The Blacklistblocker app contains a trojan, please remove it

I installed this app a while ago, yesterday I ran the antivirus and it reported a trojan, so I download it and run it on VirusTotal via the computer and…

13 antiviruses find malware in the app, I recommend removing it, for everyone’s safe.

This looks like a false positive.

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such an old app @Moulinsky why not try a newer one like SpamBlocker (Call & SMS) | F-Droid - Free and Open Source Android App Repository

or NoPhoneSpam | F-Droid - Free and Open Source Android App Repository

also, when making accusations, it’s helpful to point where is the source code the bad behaviour is done: GitHub - kaliturin/BlackList: Blacklist Blocker is a free Android application for blocking unwanted calls and SMS


@SkewedZeppelin it’s not a false positive, 13 antiviruses recognize it, not just two.

@Licaon_Kter I know it’s an outdated app, but if 13 antiviruses recognize malware it’s better to remove it from circulation than to distribute it and cause possible damage… there are other apps for the same use anyway.

Open source is not about putting your head in the sand and denying, but about acting and remedying… otherwise we’re like M$.

If I have to have apps with malware I might as well get them from pirate stores.

The other apps I took from F-droid have no malware… but if things change Google would be wise to deny the possibility of taking apps from F-droid… think about it.

If you doubt 13 antivirus then how many does it take to convince you?

Do we want to repeat the XZ story but in a more stupid way?

Pretty please with sugar on top, point in the actual source, the bad stuff… if it’s so clear, this is an easy task, yes?

Surely you’ve got details from those 13 antiviruses about how and when the bad stuff happens so you just link to the code that does it.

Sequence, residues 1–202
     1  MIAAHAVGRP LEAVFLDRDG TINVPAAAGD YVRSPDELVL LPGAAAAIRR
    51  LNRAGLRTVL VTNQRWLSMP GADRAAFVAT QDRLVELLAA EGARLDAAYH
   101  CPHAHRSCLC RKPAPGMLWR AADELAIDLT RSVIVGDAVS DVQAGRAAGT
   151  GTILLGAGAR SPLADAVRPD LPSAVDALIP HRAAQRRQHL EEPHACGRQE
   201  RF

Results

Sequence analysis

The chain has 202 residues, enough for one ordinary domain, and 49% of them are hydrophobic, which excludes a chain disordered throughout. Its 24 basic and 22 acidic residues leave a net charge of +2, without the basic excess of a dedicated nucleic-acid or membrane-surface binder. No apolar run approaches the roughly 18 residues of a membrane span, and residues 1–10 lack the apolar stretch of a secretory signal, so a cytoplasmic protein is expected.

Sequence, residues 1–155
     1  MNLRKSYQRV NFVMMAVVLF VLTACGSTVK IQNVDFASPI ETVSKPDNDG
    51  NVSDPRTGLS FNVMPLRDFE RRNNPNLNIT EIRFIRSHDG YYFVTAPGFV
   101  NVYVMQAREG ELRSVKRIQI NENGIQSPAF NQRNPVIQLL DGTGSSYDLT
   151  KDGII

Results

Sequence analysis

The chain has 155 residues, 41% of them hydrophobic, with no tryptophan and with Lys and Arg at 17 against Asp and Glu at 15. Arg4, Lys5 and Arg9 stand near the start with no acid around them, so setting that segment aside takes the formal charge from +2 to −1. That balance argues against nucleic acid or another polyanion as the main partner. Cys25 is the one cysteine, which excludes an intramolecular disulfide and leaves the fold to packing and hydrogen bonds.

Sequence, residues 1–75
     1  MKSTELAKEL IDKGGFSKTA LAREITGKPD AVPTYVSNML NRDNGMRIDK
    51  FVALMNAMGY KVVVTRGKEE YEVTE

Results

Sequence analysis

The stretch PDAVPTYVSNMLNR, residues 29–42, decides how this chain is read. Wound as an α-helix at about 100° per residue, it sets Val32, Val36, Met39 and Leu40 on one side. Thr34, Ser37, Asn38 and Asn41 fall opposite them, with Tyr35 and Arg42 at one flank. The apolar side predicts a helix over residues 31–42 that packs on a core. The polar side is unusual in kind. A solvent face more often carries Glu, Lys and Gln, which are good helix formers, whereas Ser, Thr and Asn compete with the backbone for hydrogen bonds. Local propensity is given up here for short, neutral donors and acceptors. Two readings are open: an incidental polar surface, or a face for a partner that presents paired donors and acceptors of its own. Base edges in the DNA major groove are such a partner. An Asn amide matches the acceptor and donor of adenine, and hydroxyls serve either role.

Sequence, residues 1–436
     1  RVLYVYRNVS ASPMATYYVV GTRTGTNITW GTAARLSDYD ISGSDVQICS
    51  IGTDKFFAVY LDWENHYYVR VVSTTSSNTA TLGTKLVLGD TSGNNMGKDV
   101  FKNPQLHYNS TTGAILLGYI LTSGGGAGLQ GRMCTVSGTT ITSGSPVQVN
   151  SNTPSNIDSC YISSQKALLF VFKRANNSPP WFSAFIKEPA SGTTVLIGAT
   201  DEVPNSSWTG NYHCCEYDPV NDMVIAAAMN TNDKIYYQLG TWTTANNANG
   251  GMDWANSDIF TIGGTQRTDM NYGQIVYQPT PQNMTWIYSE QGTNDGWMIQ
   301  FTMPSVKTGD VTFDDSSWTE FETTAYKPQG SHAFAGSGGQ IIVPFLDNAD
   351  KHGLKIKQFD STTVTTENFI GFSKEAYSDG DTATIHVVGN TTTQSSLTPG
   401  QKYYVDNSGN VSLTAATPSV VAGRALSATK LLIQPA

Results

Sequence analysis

@Licaon_Kter Have you ever heard of virustotal? It’s a site where you can test whether an .exe or an .apk is malicious with 69 antiviruses, if you’re not convinced by my statements, try it yourself, but I’ll post a photo for you.

I decompiled it and spent 20 minutes skimming the source, saw nothing obvious.

They all even use a generic flag for it.
Likely based off of the permissions.
I even tested that, by removing the manifest and it got 0 detections.

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21 hours ago

Here I’ll post a photo for you

@SkewedZeppelin Glad you checked the old way… unfortunately the antiviruses when they find a result don’t explain why.

At the moment I have in mind to strengthen the ClamAV definitions because with only the open source ones it is not of much use.

When I go to “dirty” sites I use a browser on purpose… and the malwarebytes addon occasionally marks something, I just don’t go there anymore, better to be too safe than not enough.

I repeat that the apps I take from F-droid did not have any malware except this one, and I would also add that I scanned the sources with virustotal and no antivirus reported malware, but a lot of tricks are used to load malware.